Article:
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Stormwater runoff is the water that flows off roofs, driveways, parking lots, streets and other impervious surfaces during rain events. It is also the rain that flows off grass surfaces and wooded areas that is not absorbed into the soil and pours into ditches, culverts, catch basins and storm sewers. Stormwater runoff does not receive treatment before entering streams, lakes and other waterways.
Water from rain or melting snow either seeps into the ground or runs off to lower areas while making its way to streams, lakes and other water bodies. On its way, runoff water can pick up and carry many substances that pollute water. Examples of common pollutants include fertilizers, pesticides, pet waste, sediment, oil, salt, trace metals, grass clippings, leaves and litter. Polluted stormwater runoff can be generated anywhere people use or alter the land, such as farms, yards, roofs, driveways, construction sites and roadways.
Municipalities across the United States and in Tennessee, including White House, Goodlettsville, Springfield, Gallatin, Murfreesboro, Franklin, Smyrna and Nashville to name a few, have implemented a stormwater utility fee.
No. The stormwater fee is not a tax. Taxes are based on the value of the property. The stormwater fee is assessed based on the amount of impervious surface on the property (i.e., roofs, driveways, parking lots) which is directly related to the amount of runoff the property produces. The runoff generated by these impervious surfaces contributes to flooding problems and potential pollutants. Therefore, all property owners should pay their share of the costs.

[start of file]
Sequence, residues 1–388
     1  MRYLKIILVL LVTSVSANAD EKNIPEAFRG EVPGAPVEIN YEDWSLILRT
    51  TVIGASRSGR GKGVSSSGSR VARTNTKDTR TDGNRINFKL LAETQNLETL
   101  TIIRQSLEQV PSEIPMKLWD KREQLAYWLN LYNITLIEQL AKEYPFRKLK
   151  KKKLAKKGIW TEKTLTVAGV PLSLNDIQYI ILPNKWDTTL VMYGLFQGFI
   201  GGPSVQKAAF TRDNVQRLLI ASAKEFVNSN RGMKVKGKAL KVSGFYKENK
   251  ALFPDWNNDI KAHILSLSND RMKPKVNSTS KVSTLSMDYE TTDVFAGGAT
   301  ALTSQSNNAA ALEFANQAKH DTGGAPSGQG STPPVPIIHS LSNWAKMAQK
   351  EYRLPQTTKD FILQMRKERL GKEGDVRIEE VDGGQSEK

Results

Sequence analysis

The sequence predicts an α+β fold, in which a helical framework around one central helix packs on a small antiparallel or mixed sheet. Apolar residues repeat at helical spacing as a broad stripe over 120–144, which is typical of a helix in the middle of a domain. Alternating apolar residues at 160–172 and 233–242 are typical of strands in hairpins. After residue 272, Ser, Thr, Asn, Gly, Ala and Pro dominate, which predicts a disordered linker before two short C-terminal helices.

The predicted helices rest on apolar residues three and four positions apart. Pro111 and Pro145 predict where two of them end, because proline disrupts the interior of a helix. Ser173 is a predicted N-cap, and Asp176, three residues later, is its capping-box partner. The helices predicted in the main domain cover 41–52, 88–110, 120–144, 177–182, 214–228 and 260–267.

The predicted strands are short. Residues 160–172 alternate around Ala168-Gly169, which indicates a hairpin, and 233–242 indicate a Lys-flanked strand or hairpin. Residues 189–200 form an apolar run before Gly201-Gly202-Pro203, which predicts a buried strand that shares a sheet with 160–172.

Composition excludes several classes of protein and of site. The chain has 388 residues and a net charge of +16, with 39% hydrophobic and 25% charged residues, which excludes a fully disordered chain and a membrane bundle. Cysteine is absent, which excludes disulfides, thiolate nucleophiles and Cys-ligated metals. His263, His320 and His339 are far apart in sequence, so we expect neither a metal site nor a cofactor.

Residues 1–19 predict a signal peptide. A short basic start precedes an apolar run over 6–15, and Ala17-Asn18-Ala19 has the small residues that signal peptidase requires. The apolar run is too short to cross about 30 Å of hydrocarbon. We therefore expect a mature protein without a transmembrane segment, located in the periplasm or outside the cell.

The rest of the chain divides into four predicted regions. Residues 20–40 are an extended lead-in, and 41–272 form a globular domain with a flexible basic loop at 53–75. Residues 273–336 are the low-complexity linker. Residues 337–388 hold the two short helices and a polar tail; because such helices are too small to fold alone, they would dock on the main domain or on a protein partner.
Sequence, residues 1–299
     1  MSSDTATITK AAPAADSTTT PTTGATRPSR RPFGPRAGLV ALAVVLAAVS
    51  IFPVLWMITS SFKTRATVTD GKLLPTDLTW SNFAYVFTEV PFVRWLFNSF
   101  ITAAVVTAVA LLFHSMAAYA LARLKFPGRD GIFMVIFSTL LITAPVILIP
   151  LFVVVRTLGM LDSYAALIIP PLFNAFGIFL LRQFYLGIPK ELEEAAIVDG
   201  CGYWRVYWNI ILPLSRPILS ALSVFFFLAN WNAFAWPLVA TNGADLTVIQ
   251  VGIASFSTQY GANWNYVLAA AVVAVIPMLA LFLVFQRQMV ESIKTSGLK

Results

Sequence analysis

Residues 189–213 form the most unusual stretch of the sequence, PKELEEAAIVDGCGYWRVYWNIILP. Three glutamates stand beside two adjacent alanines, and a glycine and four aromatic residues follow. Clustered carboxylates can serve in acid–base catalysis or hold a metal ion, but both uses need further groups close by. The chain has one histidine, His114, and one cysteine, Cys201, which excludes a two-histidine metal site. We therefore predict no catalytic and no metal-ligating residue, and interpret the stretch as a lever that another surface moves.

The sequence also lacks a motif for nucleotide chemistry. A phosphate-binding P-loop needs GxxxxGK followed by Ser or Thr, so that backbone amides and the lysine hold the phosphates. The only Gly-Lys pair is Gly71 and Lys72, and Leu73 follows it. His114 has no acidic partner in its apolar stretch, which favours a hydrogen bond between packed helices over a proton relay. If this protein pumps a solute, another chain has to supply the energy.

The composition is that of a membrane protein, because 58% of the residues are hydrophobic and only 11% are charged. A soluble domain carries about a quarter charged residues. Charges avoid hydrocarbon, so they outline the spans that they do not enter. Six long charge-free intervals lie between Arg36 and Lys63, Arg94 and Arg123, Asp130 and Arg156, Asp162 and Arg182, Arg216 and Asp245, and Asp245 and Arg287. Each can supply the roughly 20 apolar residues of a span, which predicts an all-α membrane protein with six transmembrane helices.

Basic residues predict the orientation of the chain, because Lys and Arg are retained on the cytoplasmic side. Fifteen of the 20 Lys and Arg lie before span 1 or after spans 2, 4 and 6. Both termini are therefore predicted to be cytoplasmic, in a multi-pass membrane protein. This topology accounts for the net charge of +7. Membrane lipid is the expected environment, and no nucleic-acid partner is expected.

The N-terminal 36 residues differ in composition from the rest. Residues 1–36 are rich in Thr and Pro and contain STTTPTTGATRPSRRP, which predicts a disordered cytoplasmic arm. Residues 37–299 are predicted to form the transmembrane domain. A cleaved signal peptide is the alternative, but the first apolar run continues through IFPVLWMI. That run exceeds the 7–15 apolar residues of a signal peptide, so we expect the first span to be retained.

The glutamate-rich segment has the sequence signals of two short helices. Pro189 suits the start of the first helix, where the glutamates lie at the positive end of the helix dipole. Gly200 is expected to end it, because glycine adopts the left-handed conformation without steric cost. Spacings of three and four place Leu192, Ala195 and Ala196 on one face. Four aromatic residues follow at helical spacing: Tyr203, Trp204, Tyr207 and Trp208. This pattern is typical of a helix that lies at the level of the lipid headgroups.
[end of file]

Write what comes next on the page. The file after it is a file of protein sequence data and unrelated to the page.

You can call the City of Portland Stormwater Department at 615-323-9293. We will investigate your concern and see if there is anything we can do to help. However, it is important to note the Stormwater Department does not operate outside of Public Utility and Drainage Easements (P.U.D.E) or rights-of-way. Flooding concerns outside of those areas on private property is the responsibility of the property owner. We can offer suggestions that may alleviate the issue if we cannot physically perform the work ourselves.
Individual property owners own the portion of the stormwater system that may be on their property. This can include detention areas, swales or other stormwater control measures. The City owns the stormwater system that is on City-owned property or in rights-of-way.
As precipitation falls on undeveloped areas, it is primarily absorbed in the ground or slowly runs offs into streams, rivers and other water bodies with a much lower risk of picking up pollutants. Development of land resulting in more impervious surface (rooftops, driveways, parking lots, etc.) prevents water from being absorbed and creates a faster rate and amount of runoff. This development has the potential to cause flooding or water-quality issues if not properly managed.